Only a generation ago, it was common to find a job right out of college or high school, hone a specific set of skills, and work for the same company — or at least in the same industry — until retirement. But today, you’re lucky to find an average full-time worker who stays with their employer for four years or more.
That’s because in an era marked by constant change, broad uncertainty, and a search for authenticity, some workers have responded by experimenting with a collection of work experiences. They’re curating “portfolio careers,” diversifying their skills and their resumes as one would with any long-term investment. And they’re doing it in different ways and for a variety of reasons.
To some workers, a portfolio career can mean managing more than one work pursuit at a time, perhaps even in different fields. This is my own path, having worked as a writer and content strategist and later becoming a licensed psychotherapist.
Others create a portfolio career purely for extra income, or as a way to have more autonomy than any one job can offer. Still others, like beauty brand influencer Amber Katz, turned a passion into a business. While working a full-time job as a creative at an asset management company, Katz reviewed beauty products and attracted advertisers to her popular blog. As influencer marketing budgets evaporated, Katz pivoted her revenue model and launched a popular cosmetics newsletter and now also works as a consultant for major beauty and consumer product brands.
Organizations are certainly beginning to recognize the immense value of portfolio careers — at least when recruiting for C-suite positions. Increasingly, successful candidates for top roles are chosen because of their exceptionally broad experiences and crucial transferable skills acquired in atypical prior roles. Eclectic career histories are often seen as an asset on senior leadership teams because the agility gained from working in a variety of roles generally exceeds that of a more traditional candidate.
Below, we break down four reasons it’s advantageous to take a second look at candidates with portfolio careers.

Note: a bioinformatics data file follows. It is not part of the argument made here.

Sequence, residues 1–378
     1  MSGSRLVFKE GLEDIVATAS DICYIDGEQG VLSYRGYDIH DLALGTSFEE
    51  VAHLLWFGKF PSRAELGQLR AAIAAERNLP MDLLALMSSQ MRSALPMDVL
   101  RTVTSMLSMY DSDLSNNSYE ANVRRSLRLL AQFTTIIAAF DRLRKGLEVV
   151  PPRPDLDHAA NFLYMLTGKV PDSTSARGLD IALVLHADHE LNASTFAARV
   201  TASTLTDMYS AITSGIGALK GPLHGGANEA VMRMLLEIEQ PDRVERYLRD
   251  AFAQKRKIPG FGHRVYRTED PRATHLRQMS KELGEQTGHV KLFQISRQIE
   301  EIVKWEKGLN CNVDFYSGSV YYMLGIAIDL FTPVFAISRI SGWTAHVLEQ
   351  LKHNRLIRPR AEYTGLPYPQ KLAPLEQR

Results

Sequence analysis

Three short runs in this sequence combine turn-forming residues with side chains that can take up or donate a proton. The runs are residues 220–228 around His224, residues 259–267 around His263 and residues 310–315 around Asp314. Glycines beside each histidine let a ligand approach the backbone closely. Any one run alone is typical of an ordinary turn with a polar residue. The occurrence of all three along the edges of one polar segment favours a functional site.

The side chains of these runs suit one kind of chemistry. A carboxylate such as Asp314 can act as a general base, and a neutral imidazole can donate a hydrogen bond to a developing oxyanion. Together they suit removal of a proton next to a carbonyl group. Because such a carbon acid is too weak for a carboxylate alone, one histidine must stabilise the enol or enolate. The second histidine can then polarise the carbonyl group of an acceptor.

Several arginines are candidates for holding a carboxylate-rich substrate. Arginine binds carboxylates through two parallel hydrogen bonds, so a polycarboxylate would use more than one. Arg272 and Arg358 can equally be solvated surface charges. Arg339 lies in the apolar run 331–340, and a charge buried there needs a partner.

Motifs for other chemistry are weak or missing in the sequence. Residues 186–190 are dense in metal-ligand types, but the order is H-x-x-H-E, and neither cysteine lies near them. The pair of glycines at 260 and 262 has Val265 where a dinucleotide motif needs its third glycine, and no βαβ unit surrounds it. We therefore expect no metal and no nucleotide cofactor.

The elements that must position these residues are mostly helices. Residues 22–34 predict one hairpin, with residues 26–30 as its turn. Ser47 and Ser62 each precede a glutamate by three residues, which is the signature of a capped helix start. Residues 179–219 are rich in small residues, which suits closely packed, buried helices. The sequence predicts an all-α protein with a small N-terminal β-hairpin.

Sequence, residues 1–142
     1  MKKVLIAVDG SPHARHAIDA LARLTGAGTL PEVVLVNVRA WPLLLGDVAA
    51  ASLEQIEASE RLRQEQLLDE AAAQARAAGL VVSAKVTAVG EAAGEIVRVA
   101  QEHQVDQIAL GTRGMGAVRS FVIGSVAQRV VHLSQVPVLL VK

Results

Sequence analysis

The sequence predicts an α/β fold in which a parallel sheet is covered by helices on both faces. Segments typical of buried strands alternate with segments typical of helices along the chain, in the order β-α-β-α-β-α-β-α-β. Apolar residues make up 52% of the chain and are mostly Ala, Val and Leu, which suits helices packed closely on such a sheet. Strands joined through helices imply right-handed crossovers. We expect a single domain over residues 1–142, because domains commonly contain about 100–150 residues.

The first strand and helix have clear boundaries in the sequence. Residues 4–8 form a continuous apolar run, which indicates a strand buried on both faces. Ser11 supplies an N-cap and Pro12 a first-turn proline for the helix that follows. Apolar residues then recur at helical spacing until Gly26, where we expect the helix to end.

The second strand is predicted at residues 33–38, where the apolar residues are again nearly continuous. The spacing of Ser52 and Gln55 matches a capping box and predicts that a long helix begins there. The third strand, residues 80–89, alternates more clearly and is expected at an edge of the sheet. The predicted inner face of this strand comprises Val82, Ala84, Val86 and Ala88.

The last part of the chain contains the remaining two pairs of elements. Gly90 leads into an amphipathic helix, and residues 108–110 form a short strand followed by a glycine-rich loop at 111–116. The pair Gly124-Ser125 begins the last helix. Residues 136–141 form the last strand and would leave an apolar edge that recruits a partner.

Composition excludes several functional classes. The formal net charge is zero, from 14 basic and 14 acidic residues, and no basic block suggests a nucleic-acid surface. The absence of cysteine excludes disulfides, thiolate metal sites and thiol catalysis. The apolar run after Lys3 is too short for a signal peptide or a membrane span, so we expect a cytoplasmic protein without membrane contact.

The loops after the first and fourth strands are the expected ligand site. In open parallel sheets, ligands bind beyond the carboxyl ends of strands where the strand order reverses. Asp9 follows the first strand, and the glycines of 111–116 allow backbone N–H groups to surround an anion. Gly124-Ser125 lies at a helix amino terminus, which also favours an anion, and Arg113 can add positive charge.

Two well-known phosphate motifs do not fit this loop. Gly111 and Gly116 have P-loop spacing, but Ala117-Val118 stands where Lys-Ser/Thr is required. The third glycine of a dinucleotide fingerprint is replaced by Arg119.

1. The future of work demands more skills
People with unconventional work histories frequently come to the table with an impressive range of skills and a growth mindset. These workers have a proven track record of being able to adapt and see change as an opportunity. When reviewing candidate backgrounds, consider looking for these key attributes:
- Initiative: The ingenuity to constantly be testing and learning new skills.
- Flexibility: An ability to pivot with changing demands and shifting circumstances.
- Courage: A willingness and ability to work through uncertainty, be uncomfortable, and take calculated risks.
- Curiosity: A spirit of experimentation, which is central to problem-solving.
- Creativity: The ability to envision and execute innovative outcomes with limited resources.
2. Candidates with portfolio careers help build diverse, smarter teams
The research is clear: When people with an array of perspectives come together to solve problems, employee engagement, productivity, innovation, and profitability all increase. People with different ways of thinking, nontraditional educational backgrounds, and historically marginalized identities are good for business because diverse teams are smarter.
Though it may seem easier to maintain the status quo and hire an entire team of people with similar backgrounds, it’s a mistake. From a business perspective, conformity is short-sighted and costly. It stifles a company’s intellectual potential and discourages good friction that tends to spark innovative thinking and deep insights.
3. Unconventional candidates remind us to check our biases
It’s too easy for hiring managers to take a look at a person’s career zigging and zagging and make incorrect assumptions. After all, every human holds biases that can interfere with decision-making, such as similarity bias, which is the tendency to view people who are like us more favorably than those who are not. We all have these unconscious biases, but once we become aware of them, we have a responsibility to do better.
If you see an unconventional resume, and you’re not sure how this person’s background might be a good fit for your team, one way to learn more is to ask the candidate directly, also known as perspective-getting. Unlike perspective-taking, which is when we rely on our own experiences and knowledge to try to understand another person, perspective-getting requires us to obtain new information directly from the source. It’s an opportunity to ask straightforward questions and then practice active listening.
4. Create an environment where it’s safe to disagree
Increasingly, organizations understand the business case for creating and maintaining work environments in which people feel safe enough to be who they are, take risks, and experiment without worrying about negative repercussions. Perhaps more than most, candidates with portfolio careers have had experiences in such environments. Hiring people with different perspectives on how to work and problem solve can send an important message to your staff without saying a word: “We value all perspectives and experiences. It’s safe to disagree, be whoever you are, and use your voice here.”
Workers with portfolio careers offer a powerful reminder to hiring managers: Consider widening your lens or risk missing out on candidates with the skills and mindset it will take to compete now and well into the future.
Author: Berta Garcia Bustamante